Monday: According to CapFriendly, Shore has cleared waivers and is now eligible to play though it’s not yet clear when he would debut.
Sunday: Former-NHLer Drew Shore is a current-NHLer once again. Shore is on entry waivers today and has signed with the Vancouver Canucks for the remainder of the season, per a team announcement. Shore makes his way back from Europe after playing this season with EHC Kloten of the Swiss National League A (NLA). It is because he played overseas this year while not being on Vancouver’s reserve list that he has to clear waivers before he can join the team.
Rarely does leaving the NHL work out as well for one’s hockey career as it has thus far for Shore. A second-round pick of the Florida Panthers back in 2009 and the brother of the L.A. Kings’ Nick Shore, Kings’ minor-leaguer Quentin Shore, and 2017 draft-eligible Baker Shore, a lot was expected of the eldest of a talented hockey family out of Denver, Colorado. However, Shore struggled to find his footing in the NHL early on, scoring just 20 points in 67 games with the Panthers over the course of his first two pro seasons. In 2014-15, Shore had not played a single NHL game by mid-January, when he was dealt to the Calgary Flames. The trade made matters worse, as Shore was only given 13 games with Flames in a season and a half with the organization and scored only four points in that time. Tired of the minors and his lack of production at the highest level in North America, the 26-year-old center signed with Kloten in Switzerland this summer. In the NLA, Shore seemed to finally find his game, recording 24 goals and 24 assists in 50 games. His 24 goals ranked third in the league, while his 48 total points finished sixth. Shore achieved these numbers on a team that was significantly less talented than most of its competition and featured only one other former NHL forward, James Sheppard. Shore carried the squad and helped them to avoid relegation.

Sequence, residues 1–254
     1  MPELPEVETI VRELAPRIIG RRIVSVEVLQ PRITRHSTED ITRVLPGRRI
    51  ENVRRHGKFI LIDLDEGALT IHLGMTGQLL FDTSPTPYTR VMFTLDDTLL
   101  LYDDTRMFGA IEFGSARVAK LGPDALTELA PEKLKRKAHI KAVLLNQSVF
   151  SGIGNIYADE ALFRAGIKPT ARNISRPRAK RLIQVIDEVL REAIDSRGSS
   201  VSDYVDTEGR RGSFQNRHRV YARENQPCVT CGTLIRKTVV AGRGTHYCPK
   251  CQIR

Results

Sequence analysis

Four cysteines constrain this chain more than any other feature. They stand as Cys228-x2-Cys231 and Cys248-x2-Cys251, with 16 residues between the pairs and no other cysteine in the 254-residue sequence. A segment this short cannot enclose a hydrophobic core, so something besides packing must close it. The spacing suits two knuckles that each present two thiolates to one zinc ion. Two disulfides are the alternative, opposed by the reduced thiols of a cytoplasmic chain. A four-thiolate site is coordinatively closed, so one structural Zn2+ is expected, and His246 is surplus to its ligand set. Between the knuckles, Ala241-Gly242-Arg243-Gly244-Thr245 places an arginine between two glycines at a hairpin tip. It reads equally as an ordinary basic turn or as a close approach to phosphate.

Now that Shore has re-established his game, at least in what many consider the second-best hockey league in Europe, he is going to try his hand at the NHL once more. His signing with Vancouver is yet another shrewd move to add to the recent streak of GM Jim Benning. Shore is still young and spent the last year dominating talented competition and developing the open, offensive European game that the Canucks try to implement. The team is out of playoff contention – though Shore would not have been eligible to compete anyway – but can still take the rest of the season to assess their new asset for his future fit. Gambling on Shore is a low-risk, high-reward investment for Benning as well as something for disheartened Vancouver fans to follow for the remainder of the season. Little downside for the team, fans, or player in this scenario.